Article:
|These are the overtly repeated actions or habits that OCD people feel compelled to perform to relieve the stress and anxiety caused by obsessions. But, doing a particular habit once only temporarily relieves the obsession. People with OCD believe that performing these actions will prevent something terrible from happening i.e. “I better do this or else…..”.|
– Fear of germs or contamination
– Unwanted forbidden or taboo thoughts involving sex, religion, or harm
– Aggressive thoughts towards others or self
– Having things symmetrical or in a perfect order
– Excessive cleaning and/or handwashing
– Ordering and arranging things in a particular, precise way
– Repeatedly checking on things, such as repeatedly checking to see if the door is locked or that the oven is off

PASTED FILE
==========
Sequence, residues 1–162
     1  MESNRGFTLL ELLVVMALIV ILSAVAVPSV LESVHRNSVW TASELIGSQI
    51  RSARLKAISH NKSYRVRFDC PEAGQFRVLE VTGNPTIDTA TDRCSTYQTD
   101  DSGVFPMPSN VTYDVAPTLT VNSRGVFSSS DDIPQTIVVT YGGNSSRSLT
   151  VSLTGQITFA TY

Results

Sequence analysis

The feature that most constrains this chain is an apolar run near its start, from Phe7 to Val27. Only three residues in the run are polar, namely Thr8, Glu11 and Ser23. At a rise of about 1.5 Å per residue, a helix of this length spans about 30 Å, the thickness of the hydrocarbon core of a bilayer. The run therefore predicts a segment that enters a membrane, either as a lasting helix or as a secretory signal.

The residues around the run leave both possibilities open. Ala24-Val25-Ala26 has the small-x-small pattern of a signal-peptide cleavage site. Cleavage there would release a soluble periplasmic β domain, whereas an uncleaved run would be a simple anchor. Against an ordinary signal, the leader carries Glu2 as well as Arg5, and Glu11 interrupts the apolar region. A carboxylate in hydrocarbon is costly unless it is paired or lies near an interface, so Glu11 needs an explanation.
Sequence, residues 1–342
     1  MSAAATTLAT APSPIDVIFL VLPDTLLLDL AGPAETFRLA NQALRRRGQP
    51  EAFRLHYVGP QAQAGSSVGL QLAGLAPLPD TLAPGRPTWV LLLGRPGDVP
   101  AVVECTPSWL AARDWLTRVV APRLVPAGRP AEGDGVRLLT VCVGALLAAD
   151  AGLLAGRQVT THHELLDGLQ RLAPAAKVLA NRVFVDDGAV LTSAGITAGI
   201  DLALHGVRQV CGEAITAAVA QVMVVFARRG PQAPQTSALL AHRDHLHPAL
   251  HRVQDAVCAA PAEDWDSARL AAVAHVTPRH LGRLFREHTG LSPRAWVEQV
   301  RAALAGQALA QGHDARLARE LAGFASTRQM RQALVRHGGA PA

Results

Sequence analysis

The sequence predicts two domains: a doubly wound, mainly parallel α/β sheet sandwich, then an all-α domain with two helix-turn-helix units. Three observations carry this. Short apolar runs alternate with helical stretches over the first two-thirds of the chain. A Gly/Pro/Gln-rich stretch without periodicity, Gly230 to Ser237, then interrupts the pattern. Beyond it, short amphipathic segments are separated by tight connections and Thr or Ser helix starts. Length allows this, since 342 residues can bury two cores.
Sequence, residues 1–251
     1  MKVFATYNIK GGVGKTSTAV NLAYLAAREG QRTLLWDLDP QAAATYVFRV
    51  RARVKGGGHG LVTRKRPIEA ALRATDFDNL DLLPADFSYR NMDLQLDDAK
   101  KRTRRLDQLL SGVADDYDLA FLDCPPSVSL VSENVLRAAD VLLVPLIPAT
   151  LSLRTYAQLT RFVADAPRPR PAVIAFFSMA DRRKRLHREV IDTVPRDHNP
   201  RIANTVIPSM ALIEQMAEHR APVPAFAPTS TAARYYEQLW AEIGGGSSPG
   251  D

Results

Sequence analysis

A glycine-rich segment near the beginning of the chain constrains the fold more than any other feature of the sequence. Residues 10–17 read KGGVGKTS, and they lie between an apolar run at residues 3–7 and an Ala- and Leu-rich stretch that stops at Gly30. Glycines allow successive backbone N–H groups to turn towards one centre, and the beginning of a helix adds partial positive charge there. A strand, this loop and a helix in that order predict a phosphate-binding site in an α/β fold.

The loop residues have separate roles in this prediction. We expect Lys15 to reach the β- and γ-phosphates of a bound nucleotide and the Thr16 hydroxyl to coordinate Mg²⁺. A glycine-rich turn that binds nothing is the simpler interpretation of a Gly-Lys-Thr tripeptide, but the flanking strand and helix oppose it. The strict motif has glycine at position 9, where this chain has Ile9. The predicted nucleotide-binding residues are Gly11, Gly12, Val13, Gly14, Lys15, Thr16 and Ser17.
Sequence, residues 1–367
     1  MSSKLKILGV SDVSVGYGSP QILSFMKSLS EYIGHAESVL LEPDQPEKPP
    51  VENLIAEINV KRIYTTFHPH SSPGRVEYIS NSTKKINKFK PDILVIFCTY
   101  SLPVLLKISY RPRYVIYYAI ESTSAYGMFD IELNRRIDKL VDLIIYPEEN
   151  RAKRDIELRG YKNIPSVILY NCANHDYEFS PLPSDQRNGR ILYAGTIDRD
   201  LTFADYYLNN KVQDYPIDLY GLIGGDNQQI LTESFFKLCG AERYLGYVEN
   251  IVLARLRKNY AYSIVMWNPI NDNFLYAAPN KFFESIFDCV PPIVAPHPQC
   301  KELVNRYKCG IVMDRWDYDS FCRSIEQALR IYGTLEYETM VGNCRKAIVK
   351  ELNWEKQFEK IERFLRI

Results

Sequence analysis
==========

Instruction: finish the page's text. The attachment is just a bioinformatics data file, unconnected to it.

– Compulsive counting
Four Categories of OCD
OCD is not only about suffering from symptoms of obsessions and compulsions, but also the focus of these symptoms. Typically, OCD symptoms fall into four primary categories, known as symptom dimensions of OCD. The symptoms don’t persist exclusively. People may suffer from symptoms of one or more categories in combination. The four types of OCD include:
- Contamination: People have repetitive, unwanted and fearful thoughts of being dirty or contaminated (obsessions). They tend to excessively wash and sanitize their hands over and over again or throw away the objects which seem to be contaminated (compulsion).
- Perfection: People have overwhelming thoughts (obsessions) of getting things “just right” and arranged. They will spend undue amounts of time orderly placing everything in a specific symmetry to alleviate distress (compulsions). The never-ending quest for perfection causes both mental and physical exhaustion.